Researchers have developed a material that scatters light to make objects invisible in certain wavelengths of light
Scientists might be a step closer to developing that Harry Potter-style invisibility cloak of your dreams. In 2015, researchers at the University of California, Berkeley, in the US, created a thin material that can make objects invisible in certain wavelengths of light.
For now, this cloak is very small and covers only objects about 1,300 square microns. But it could be scaled up in future.
Previous invisibility cloaks tried to redirect the light around the object they were hiding, but this required using lots of material and made the cloaks far bulkier than the object they were trying to conceal.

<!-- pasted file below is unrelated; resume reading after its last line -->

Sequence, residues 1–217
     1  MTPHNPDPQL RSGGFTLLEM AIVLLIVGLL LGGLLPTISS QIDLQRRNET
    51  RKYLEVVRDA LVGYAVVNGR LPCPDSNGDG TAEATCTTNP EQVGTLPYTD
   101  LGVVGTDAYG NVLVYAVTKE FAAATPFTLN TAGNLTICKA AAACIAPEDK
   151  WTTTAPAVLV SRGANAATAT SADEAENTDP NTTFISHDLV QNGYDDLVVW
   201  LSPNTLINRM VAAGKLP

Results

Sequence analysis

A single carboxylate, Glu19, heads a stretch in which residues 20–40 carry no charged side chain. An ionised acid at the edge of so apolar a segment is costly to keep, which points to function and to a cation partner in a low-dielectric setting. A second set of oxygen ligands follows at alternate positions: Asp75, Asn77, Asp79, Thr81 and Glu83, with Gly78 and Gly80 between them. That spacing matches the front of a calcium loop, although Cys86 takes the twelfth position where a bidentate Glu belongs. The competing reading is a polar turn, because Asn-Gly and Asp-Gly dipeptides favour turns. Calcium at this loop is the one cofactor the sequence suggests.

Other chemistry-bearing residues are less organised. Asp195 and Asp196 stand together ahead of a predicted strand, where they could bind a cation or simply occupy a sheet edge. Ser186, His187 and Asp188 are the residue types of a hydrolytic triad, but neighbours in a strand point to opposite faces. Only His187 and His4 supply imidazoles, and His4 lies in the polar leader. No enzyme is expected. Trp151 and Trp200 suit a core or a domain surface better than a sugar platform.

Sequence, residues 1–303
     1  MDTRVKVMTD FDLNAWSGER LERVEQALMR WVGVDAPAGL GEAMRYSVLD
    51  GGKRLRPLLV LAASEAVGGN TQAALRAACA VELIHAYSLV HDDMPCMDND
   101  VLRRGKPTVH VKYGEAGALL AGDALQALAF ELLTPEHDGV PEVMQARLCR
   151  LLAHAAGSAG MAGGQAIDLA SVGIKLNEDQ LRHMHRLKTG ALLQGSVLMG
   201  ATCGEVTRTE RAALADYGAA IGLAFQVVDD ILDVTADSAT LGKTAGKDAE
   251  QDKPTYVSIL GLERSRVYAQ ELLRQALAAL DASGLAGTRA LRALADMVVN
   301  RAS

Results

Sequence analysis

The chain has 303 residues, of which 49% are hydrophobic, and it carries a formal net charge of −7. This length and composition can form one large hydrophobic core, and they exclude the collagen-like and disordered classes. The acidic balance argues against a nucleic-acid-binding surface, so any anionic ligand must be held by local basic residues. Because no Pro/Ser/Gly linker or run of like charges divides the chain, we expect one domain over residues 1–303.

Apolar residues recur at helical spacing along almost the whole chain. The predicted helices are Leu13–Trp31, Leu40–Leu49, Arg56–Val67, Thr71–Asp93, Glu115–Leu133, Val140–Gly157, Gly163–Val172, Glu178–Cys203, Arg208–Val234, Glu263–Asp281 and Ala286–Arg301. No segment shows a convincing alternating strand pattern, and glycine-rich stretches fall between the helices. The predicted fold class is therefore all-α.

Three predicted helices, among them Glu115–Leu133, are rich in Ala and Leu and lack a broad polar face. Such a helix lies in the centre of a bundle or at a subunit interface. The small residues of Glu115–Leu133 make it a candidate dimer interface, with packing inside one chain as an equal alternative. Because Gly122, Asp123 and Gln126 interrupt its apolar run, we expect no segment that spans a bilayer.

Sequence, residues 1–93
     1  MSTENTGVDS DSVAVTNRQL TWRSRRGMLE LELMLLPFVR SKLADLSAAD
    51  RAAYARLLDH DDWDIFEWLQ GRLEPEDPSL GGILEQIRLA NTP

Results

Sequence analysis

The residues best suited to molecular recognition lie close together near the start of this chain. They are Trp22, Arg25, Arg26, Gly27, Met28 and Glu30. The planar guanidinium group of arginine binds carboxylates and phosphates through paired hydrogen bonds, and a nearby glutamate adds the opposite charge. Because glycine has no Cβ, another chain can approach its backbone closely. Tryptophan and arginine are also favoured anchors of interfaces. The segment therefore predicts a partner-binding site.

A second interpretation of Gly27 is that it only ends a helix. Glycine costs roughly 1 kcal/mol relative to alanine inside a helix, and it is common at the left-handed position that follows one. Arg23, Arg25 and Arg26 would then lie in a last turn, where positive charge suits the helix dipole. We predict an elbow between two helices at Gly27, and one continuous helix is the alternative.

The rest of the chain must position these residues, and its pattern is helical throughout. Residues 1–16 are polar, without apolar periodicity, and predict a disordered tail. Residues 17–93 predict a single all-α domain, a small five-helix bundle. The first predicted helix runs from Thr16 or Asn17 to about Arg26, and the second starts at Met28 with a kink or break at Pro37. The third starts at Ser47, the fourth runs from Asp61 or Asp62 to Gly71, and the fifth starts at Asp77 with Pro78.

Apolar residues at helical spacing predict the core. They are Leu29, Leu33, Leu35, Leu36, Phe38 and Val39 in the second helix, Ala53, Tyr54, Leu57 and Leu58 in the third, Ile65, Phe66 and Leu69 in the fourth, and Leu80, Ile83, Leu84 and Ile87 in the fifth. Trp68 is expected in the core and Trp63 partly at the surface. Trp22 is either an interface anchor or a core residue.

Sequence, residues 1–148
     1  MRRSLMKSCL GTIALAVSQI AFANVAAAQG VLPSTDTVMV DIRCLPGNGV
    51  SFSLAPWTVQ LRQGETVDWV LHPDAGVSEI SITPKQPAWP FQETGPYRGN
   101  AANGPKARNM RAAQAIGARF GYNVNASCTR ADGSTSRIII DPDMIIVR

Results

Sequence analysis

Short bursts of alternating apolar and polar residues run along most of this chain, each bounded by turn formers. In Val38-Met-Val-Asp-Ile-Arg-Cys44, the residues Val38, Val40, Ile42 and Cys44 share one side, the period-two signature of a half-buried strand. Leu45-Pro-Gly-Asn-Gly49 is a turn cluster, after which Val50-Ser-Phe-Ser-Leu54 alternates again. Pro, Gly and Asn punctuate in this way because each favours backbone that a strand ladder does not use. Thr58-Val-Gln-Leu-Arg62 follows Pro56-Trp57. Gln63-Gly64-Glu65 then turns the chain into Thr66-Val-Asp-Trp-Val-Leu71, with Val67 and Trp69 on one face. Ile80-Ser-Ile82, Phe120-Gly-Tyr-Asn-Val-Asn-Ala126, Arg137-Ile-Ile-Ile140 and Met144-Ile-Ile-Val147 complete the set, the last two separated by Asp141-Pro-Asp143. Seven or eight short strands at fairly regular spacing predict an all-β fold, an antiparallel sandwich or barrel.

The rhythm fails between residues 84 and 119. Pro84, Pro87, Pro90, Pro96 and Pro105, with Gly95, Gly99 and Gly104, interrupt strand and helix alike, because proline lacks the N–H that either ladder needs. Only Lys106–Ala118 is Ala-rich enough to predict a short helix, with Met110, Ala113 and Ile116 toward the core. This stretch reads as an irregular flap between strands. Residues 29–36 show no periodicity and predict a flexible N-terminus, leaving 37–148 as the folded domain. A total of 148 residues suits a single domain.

“That is not practical,” said study co-author Xiang Zhang, a materials scientist at Lawrence Berkeley National Laboratory. “You have to carry a huge cloak around with you.”
For this new device, however, the scientists scattered light using a very thin material. This material could one day be used to make a wearable cloak, Zhang said.
It could even be used to make one object look like another, instead of just cloaking it. This could be used by the military to disguise fighter jets.
Built into a shirt, the technology could make beer bellies look like six-packs. Or it could be used to make a car seem smaller and help to reduce a driver’s blind spots.
Previous cloaks were able only to hide standard objects, like a cylinder. This cloak was able to cover an irregularly shaped object – one with plenty of bumpy bits.
However, if you wanted to use the material to make a mask, it would only work for the person’s face it was designed for.
“This cloak may work with your face, but it doesn’t work with my face because our facial features are very different,” Zhang said.